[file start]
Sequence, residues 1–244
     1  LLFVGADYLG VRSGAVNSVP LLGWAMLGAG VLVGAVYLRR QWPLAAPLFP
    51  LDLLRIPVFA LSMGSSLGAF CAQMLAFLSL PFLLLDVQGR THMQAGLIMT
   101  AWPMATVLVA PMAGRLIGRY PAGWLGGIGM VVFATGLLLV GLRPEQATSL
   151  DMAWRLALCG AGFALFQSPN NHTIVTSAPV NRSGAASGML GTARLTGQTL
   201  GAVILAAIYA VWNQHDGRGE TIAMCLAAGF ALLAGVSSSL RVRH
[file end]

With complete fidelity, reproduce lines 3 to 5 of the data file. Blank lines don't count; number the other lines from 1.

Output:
    51  LDLLRIPVFA LSMGSSLGAF CAQMLAFLSL PFLLLDVQGR THMQAGLIMT
   101  AWPMATVLVA PMAGRLIGRY PAGWLGGIGM VVFATGLLLV GLRPEQATSL
   151  DMAWRLALCG AGFALFQSPN NHTIVTSAPV NRSGAASGML GTARLTGQTL